A little background about Jeffrey Weitzel

I’ve been a sculptor by trade for the last 20 years, and have pursued art since I can remember. I got a degree in sculpture in 1995 from the University of Oregon, then became fairly established, too, as far as those things go.  Most of my sculpture has been in cast bronze and I’ve done public commissions for the University of Oregon, the Woodland Park Zoo in Seattle, and for the City of Eugene, a large piece for a private aquarium in Saudi Arabia, and private commissions for Evergreen Bank and a number of individual collectors. I have been in galleries nationwide and had work purchased by the Maryhill Museum of Art, as well as being part of a number of invitational shows.  You can check out most of this work in the galleries to the right. I have also taught sculpture for credit and non-credit at the college level.  For the last 7 years I worked full time at the University of Oregon’s Craft Center, helping run a facility that includes a large wood shop, a glassblowing studio, ceramics studio, photo darkrooms, metalsmithing studio and much more.  During all of this, I occasionally found myself with a need to make musical instruments. Less often I actually had time to do so, but I did manage to build a few guitars, a ukulele, an experimental harp and few other odd experiments as well. The more I made them, the more I realized that making a sculptural object that can make music is far more fulfilling than just making a sculptural object.

But any sane person can realize there must be more to the story of the transition from sculptor to arts administrator to banjo luthier, and there happen to be a lot of sane people out there, most of whom feel the need to ask me, “Why Banjo’s?”, usually followed immediately with, “have you built a lot of them before?”, to which I have to answer, “no.” Next is, “Does your wife have  a good job to support you?”, “no, she’s a stay at home Mom.” Then there are just dumbfounded looks and a polite end to the conversation. So if that short ending doesn’t fill in enough of the story for you, I’m sorry, I’ll have to politely end the conversation now.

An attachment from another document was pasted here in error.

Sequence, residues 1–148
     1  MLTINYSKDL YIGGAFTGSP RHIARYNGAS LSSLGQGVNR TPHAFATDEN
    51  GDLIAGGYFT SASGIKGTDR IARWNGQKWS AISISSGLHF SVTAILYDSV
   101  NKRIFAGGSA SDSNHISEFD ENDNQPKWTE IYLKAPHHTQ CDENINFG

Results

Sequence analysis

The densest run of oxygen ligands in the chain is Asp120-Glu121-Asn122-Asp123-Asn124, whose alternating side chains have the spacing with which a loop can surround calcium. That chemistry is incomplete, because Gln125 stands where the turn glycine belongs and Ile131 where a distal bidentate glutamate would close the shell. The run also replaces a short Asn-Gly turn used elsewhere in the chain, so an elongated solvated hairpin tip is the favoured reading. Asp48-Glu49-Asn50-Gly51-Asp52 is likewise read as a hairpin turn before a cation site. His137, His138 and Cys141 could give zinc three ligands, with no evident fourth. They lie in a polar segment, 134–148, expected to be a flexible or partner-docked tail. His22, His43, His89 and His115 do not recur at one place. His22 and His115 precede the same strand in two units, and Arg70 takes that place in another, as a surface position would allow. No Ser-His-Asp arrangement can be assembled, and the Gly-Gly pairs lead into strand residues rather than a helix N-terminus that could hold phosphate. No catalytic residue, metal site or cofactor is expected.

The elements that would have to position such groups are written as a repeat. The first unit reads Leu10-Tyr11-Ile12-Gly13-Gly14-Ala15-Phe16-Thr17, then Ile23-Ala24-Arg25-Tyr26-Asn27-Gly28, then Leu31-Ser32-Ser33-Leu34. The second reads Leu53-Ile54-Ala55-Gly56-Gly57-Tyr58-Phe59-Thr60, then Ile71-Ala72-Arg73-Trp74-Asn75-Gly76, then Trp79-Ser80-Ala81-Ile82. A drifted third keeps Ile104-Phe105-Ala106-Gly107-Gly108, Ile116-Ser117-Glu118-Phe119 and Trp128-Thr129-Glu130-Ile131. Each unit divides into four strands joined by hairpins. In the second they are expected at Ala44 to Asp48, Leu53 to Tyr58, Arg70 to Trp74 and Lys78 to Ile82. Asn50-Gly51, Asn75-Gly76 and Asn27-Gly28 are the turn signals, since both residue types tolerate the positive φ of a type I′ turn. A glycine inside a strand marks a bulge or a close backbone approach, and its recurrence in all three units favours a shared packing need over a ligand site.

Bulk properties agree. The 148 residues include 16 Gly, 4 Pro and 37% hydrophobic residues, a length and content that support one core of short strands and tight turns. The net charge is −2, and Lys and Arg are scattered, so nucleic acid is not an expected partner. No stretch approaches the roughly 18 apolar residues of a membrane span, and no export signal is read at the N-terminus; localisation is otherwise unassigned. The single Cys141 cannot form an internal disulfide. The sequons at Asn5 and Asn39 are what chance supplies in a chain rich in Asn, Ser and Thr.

Okay, I’ll give you a hint, though.  I have a strong belief in my Creator, and His way of doing business is different than ours.  But as we attempt to be more like Him, we can find ourselves doing things that don’t make sense to the rest of the world. Well, the banjo never has made sense to a lot of folks, and it certainly never occurred to me that this would be something I’d be attempting to make a living at until recently. But here I am making banjo’s.  I have taken this abrupt turn in my life very seriously and I think the resulting banjo prototype shows that these strange directional changes can lead to something very special.

I live in Eugene, Oregon with my wife, Sanae, and our son, Hinoki, in an 865 square foot house and an even smaller workshop to build out of.  We grow (in order of production) weeds, flowers, fruit and vegetables in our yard. 

Jeffrey Weitzel